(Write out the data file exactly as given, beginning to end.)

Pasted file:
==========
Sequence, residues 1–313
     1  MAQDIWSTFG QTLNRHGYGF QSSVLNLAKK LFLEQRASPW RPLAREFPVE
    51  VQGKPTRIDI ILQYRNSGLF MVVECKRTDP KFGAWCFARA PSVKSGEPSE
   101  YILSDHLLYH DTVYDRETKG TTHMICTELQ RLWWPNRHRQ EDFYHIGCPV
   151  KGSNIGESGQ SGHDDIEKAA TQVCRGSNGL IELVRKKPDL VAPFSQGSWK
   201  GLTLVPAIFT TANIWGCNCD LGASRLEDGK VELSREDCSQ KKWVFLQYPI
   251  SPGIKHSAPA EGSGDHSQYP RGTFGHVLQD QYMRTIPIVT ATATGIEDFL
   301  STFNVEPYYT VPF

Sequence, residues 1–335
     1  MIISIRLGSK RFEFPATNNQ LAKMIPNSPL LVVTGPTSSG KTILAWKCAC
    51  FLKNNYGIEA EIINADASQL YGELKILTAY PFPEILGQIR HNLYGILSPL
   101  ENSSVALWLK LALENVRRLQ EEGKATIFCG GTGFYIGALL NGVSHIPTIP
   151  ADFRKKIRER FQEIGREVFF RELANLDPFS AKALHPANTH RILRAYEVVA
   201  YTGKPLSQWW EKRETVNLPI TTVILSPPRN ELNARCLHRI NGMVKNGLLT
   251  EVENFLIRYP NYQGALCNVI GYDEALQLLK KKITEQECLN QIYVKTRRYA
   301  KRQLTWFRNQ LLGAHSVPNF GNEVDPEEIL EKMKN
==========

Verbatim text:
Sequence, residues 1–313
     1  MAQDIWSTFG QTLNRHGYGF QSSVLNLAKK LFLEQRASPW RPLAREFPVE
    51  VQGKPTRIDI ILQYRNSGLF MVVECKRTDP KFGAWCFARA PSVKSGEPSE
   101  YILSDHLLYH DTVYDRETKG TTHMICTELQ RLWWPNRHRQ EDFYHIGCPV
   151  KGSNIGESGQ SGHDDIEKAA TQVCRGSNGL IELVRKKPDL VAPFSQGSWK
   201  GLTLVPAIFT TANIWGCNCD LGASRLEDGK VELSREDCSQ KKWVFLQYPI
   251  SPGIKHSAPA EGSGDHSQYP RGTFGHVLQD QYMRTIPIVT ATATGIEDFL
   301  STFNVEPYYT VPF

Sequence, residues 1–335
     1  MIISIRLGSK RFEFPATNNQ LAKMIPNSPL LVVTGPTSSG KTILAWKCAC
    51  FLKNNYGIEA EIINADASQL YGELKILTAY PFPEILGQIR HNLYGILSPL
   101  ENSSVALWLK LALENVRRLQ EEGKATIFCG GTGFYIGALL NGVSHIPTIP
   151  ADFRKKIRER FQEIGREVFF RELANLDPFS AKALHPANTH RILRAYEVVA
   201  YTGKPLSQWW EKRETVNLPI TTVILSPPRN ELNARCLHRI NGMVKNGLLT
   251  EVENFLIRYP NYQGALCNVI GYDEALQLLK KKITEQECLN QIYVKTRRYA
   301  KRQLTWFRNQ LLGAHSVPNF GNEVDPEEIL EKMKN